If political leadership for black communities in the nineteenth century could have arisen unobstructed by racism and the lingering effects of centuries of slavery, the political model of black clergy leadership might not have been necessary. Such leadership could have arisen from within any number of professional groups in which black people normally would have been engaged. This was the experience of the white church community, which never had to look to its clergy for political leadership because persons could be found within the fields of law, education, business, and the military to fill those electoral positions.
That is only now becoming true in the black community. Thus, the issue here is not upholding the separation of church and state when black preacher/politicians emerge; rather, the issue is what many black preachers and black churches had to do and chose to do because the masses of black people had been intentionally and systematically denied access to power or influence within the United States.
This point bears repeating for the sake of added emphasis. If "liberty and justice for all" had included black Americans from the founding of this country, it is very likely that black preacher/ politicians would never have emerged. Like their white counterparts, there would have been more than an ample supply of potential political leaders rising up from all the various professions to which black people would have had unfettered access. It was in response to the absence of liberty and justice for their people that black preacher/politicians began to emerge. It was because so many professions were closed to black Americans from which civic leaders and political leaders could have emerged that a disproportionate number of persons from this particular profession began to emerge as soon as the burdens and limitations of slavery were lifted. This point must be kept in mind when someone seeks to challenge the presence of black preacher/politicians in the political process by referring to "the separation of church and state," a phrase that does not appear in the Constitution.
A THEOLOGICAL POINT OF DEPARTURE
The case that I want to make about the preacher/politician focuses primarily upon the black churches of the United States, but I want to begin by setting forth a theological claim about the link between religion and politics that transcends race or denomination. In order to preempt being criticized for offering only a liberal or progressive theological perspective on this issue, I will draw from the writings of two theologians of great standing within their respective theological traditions: Robert McAfee Brown and Carl F. H. Henry. We begin with the words of Robert McAfee Brown:
Any Christian worth his salt knows that in this day and age there is an imperative laid upon him to be politically responsible. When one considers the fateful decisions which lie in the hands of the politicians, and the impact which these decisions will have for good or ill upon the destinies of millions of people, it becomes apparent that in terms of trying to implement the will of God, however fragmentarily, politics can be a means of grace. Christians may not retreat behind the specious excuse that politics is too messy. Politics has become an arena where the most fastidious Christian must act responsibly and decisively if he is not to be derelict in his duties.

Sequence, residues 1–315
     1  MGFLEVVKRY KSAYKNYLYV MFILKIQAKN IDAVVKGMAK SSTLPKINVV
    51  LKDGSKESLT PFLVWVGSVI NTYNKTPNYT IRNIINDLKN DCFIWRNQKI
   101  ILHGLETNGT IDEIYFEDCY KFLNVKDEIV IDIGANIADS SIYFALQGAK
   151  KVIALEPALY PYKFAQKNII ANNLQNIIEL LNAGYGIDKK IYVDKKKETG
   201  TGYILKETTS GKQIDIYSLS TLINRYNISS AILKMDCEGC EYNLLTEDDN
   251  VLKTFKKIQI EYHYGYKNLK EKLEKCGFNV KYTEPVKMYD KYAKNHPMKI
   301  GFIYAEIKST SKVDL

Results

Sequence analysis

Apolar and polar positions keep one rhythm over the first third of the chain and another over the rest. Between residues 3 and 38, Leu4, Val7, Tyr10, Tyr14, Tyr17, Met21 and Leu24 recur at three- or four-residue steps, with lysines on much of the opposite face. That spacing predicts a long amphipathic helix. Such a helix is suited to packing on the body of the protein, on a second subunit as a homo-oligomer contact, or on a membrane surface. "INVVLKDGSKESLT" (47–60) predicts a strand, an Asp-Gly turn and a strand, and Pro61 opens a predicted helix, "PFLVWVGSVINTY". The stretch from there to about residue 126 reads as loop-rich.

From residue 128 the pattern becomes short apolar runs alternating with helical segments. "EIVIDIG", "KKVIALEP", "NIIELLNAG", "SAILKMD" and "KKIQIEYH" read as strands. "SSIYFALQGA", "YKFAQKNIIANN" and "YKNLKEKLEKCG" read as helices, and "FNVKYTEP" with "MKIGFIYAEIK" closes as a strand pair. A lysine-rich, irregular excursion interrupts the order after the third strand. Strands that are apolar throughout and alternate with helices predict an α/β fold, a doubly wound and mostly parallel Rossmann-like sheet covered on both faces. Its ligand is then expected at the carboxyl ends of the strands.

These words from Robert McAfee Brown about acting responsibly and decisively in the political arena were written some sixty years ago, and they came forth in the context of his own involvement in the reelection campaign of Eugene McCarthy as a member of Congress from Minnesota. Brown, himself an ordained Presbyterian minister, wrote them while serving on the faculty of Macalester College, a college affiliated with the Presbyterian Church, prior to his move to Stanford, where he taught from 1962 to 1976. He was cofounder of Clergy and Laity Concerned about Vietnam. He was also arrested in 1961 during his participation as a Freedom Rider in Florida.
These words were instructive to me in 1998, when I ran for a seat in the U.S. House of Representatives, and they are instructive in today's political environment. Is it appropriate for members of the clergy to be involved in the political process, and to what degree? Should clergy speak about and advocate for specific political issues? Should they write editorials and opinion pieces for the local newspaper on political questions? Should they actively support and even personally endorse persons who are running for political office? Should members of the clergy themselves seek and serve in elective office? If politics can be a means of grace, then why should members of the clergy not seek to engage in what can be essentially another form of ministry?
It is important to begin a discussion about religion and politics and about the involvement of preachers and pastors in the political process by offering a philosophy upon which that involvement can be understood. That is where this statement from Robert McAfee Brown comes in, since he talks about politics as having the potential to be "a means of grace." For most people, these words do not describe their understanding of the political process. Most people likely see politics as divisive, contentious, intrusive, bureaucratic, and corrupt or corrupting. For all of these reasons, many people want nothing to do with politics as it is being practiced in the United States at the present time.
Their point is well taken. As these words were being written, the federal government of the United States was shut down by members of Congress, who were embroiled in a war for and against the Affordable Care Act, which some refer to as "Obamacare." This is a law that was voted on and passed by both houses of Congress; it was endorsed by the reelection of Barack Obama in a campaign against Mitt Romney in 2012 in which the health care law was the central item of contention; and it was upheld as constitutional by the U.S. Supreme Court. Nevertheless, those who have opposed the health care law all along intended to prevent it from taking effect by refusing to provide funding for its operation.